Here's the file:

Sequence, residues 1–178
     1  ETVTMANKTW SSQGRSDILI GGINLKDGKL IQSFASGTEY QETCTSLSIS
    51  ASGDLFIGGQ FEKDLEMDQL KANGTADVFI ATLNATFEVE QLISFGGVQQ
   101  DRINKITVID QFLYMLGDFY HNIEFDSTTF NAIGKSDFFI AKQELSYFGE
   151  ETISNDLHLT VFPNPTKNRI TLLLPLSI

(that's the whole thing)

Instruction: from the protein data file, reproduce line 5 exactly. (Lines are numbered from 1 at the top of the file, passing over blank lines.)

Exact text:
   151  ETISNDLHLT VFPNPTKNRI TLLLPLSI